A sweeping and truly British love story, Breathe marks the directorial debut of Andy Serkis. He tackles the true story of Robin Cavendish (Andrew Garfield), a young man in the late 1950s who suddenly finds his life torn apart by polio while working in Kenya. Given months to live, he and his wife grapple with his paralysis and deeply depressed state, while also trying to manage life as new parents.
At a time where polio meant being bed-bound in hospital until you eventually succumbed to the illness, Robin and Diana decided that this would not be their fate. And here is where the real gem of the movie lies, in the pitch-perfect portrayal of Diana by Claire Foy. Foy completely runs with the role of the woman who has to hold everyone’s lives together, lifting the film from generic weepy-biopic to powerful love story. Garfield is superb, conveying a world of emotions while lying paralysed for the majority of the film – but this is truly Foy’s moment to shine.
Breathe is very much an old-fashioned British movie, as it should be. Rousing strings and beautiful landscapes encapsulate the romance at the centre of the heartbreaking story, with Serkis showing nothing but pure affection for the Cavendish family and their friends. Tom Hollander provides light entertainment playing Diana’s twin brothers, with hints of his role in About Time peppered throughout, and there are charming smaller parts for Stephen Mangan and Hugh Bonneville too.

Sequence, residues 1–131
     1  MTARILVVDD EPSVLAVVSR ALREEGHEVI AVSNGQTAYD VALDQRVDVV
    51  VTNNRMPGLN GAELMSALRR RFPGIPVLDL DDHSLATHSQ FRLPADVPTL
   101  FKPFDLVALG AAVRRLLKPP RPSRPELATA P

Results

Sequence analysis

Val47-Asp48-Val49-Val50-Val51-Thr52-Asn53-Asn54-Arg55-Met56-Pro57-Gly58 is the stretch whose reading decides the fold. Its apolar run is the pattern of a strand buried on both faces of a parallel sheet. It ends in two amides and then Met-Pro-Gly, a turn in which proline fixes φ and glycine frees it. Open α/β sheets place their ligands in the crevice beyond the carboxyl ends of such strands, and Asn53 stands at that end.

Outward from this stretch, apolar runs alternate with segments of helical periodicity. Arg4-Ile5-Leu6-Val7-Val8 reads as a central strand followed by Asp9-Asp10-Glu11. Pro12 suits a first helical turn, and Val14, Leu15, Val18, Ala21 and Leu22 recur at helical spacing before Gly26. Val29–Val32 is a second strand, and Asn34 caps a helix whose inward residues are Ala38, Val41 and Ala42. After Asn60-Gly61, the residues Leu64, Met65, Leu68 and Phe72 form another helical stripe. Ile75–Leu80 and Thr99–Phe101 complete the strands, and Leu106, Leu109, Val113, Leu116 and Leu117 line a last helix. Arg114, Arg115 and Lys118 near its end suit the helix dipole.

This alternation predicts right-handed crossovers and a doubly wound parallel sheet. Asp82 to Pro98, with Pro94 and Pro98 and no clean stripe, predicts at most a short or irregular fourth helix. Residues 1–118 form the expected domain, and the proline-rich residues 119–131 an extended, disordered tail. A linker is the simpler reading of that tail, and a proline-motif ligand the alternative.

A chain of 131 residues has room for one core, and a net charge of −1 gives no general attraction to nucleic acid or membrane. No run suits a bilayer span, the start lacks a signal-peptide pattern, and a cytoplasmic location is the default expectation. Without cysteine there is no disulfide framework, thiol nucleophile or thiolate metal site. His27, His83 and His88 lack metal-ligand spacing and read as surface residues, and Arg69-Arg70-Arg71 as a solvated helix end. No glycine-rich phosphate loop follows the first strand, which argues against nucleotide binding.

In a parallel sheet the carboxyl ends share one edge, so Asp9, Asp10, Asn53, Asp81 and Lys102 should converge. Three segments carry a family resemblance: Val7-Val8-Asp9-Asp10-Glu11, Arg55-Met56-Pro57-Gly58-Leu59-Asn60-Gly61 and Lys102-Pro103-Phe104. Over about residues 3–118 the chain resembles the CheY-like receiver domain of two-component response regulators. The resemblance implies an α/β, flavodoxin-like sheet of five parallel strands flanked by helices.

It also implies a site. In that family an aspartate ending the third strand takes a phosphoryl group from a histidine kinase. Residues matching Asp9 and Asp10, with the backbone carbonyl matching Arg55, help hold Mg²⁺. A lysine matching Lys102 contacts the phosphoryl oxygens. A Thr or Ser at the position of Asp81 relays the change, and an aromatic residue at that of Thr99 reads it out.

While you will most certainly be reaching for the hankies throughout the film, it is a shame that there isn’t more time spent upfront defining the characters before the main story kicks in.
A stunning debut from Serkis, Breathe is an old-fashioned love story that will sweep you off your feet and keep you enraptured until the very end.
CAST: Claire Foy, Andrew Garfield, Tom Hollander, Stephen Mangan, Hugh Bonneville
DIRECTOR: Andy Serkis
WRITER: William Nicholson
SYNOPSIS: The inspiring true love story of Robin and Diana Cavendish, an adventurous couple who refuse to give up in the face of a devastating disease. Their heartwarming celebration of human possibility marks the directorial debut of Andy Serkis.